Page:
Mysterious Skeins

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The Storyteller of Marrakesh, Joydeep Roy-Bhattacharya, book reviewStories of disappearance told through different points of view can be found in films like Peter Weir’s Picnic at Hanging Rock and Kurosawa’s Rashomon. What this different viewpoint technique does is to give us a take on human nature and to tell us that very often what we believe is not always correct. Roy-Bhattacharya sets his novel in the exotic Jemaa el Fna square of Marrakesh. A place that in the modern world truly approximates to a melting pot from A Thousand And One Nights. At the centre of this collection of jugglers, musicians and magicians is the storyteller Hassan who begins to tell his captivated audience the story of a disappearance, that of a foreign couple, a woman like a gazelle and man with skin ‘the colour of sand’ who vanished many years ago. Hassan’s brother Mustafa has been implicated in their disappearance, but without any real proof.

The story has the elements to hold his listeners enthralled in the beginning, a beautiful woman with a sense of doom hanging around her, a man whose life has been dedicated to falling love and another who is a stranger to the world of Morocco. However, Roy-Bhattacharya/Hussein’s narrative is not a straight linear one. Hussein’s audience proceeds to interrupt and each of them take the ball of the story and run with it, in whatever direction he or she feels is the right one.

The result is that the story tangles in various threads and the reader has to concentrate to find the initial skein. “Perhaps only a single thread separates us from the truth,” Hussein suggests, “or perhaps an entire ream, but we will know for certain only when we look at the whole weave.” If you’re a Kurosawa fan you may enjoy untangling the different skeins, but there is a chance that you may think that it goes on for too long and that the suspense vanishes somewhere in the middle of all those skeins.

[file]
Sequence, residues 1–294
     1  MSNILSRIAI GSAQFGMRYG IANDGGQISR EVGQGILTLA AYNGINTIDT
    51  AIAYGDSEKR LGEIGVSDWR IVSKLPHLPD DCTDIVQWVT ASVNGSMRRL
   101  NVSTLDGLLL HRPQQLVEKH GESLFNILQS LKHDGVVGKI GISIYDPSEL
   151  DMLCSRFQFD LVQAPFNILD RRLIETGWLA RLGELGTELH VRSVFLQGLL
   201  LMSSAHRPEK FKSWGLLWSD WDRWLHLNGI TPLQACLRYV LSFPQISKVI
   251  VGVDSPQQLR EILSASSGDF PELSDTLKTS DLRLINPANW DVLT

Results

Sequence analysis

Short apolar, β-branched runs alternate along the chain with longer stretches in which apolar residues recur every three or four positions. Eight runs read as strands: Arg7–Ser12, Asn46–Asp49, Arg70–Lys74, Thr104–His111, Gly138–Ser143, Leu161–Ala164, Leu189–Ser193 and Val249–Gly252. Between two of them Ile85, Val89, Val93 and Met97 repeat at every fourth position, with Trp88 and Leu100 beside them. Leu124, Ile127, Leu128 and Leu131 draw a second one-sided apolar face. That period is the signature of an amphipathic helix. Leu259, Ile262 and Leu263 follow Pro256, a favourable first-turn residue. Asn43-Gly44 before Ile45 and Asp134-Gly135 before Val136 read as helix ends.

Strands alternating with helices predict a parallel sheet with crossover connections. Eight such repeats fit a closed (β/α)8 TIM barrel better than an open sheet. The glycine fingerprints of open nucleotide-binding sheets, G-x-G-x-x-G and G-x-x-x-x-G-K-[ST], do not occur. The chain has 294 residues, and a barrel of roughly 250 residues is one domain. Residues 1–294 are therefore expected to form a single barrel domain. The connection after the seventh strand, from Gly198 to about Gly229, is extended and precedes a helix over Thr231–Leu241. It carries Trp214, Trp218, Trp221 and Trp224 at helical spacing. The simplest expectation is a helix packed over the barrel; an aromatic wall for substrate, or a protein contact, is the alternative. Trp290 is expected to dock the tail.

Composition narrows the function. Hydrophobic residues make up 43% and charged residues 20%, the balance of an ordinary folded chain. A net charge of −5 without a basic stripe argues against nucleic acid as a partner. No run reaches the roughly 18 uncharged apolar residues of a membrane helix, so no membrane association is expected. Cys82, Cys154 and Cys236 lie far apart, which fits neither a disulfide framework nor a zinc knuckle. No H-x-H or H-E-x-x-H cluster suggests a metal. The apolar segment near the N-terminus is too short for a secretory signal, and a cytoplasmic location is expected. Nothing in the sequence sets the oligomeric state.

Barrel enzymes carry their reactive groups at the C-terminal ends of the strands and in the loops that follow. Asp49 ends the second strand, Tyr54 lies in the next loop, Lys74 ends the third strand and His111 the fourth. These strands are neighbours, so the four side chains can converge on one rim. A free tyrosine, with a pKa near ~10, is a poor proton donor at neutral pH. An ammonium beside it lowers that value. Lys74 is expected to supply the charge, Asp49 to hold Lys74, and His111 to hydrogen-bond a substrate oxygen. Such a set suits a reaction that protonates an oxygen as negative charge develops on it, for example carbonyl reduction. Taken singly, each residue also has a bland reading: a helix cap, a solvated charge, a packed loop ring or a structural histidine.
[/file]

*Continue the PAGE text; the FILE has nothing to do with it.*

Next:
There are several beautiful descriptions of the Jemaa and the scenery around it “Here the ochre expanse of the sky is mirrored in the tabia bricks and facades … Beyond, hues of cinnabar, rust, crimson, vermillion settle on the snowcapped peaks of the High Atlas Mountains.” However, readers will be grateful for the glossary because the text is liberally sprinkled with Moroccan terminology.

In the end the book’s actual fable is about the nature of storytelling, where the only thing that the listener can do is trust in the story.

One could also say that it was a book about the conflicting nature of memory, or a book on love. But what finally happens and what the book is about is not important. It is the unfolding of the tale that is. After all, “Do we speak the truth, or do various, often incompatible versions of the truth speak us?” That is why so many characters are allowed to contribute their observations to Hussein’s story.

Roy-Bhattacharya plans this to be the first of a trilogy set in the Arab world and his sense of place and descriptions are to be commended. He weaves language as mystical as the Jemaa.

The Storyteller of Marrakesh by Joydeep Roy-Bhattacharya
Published by Tranquebar in India, 2011


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Storyteller of Marrakesh, The
by Joydeep Roy-Bhattacharya

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Written by Anjana Basu
Anjana Basu

Anjana Basu works as an advertising consultant in Calcutta. In 2003, Harper Collins India brought out her novel Curses In Ivory. In 2004, she was awarded a Hawthornden Fellowship in Scotland where she worked on her second novel, Black Tongue, published by Roli in 2007. In February 2010. her children's novel Chinku and the Wolfboy was brought out by Roli. She writes features for travel magazines and reviews for Indian newspapers.

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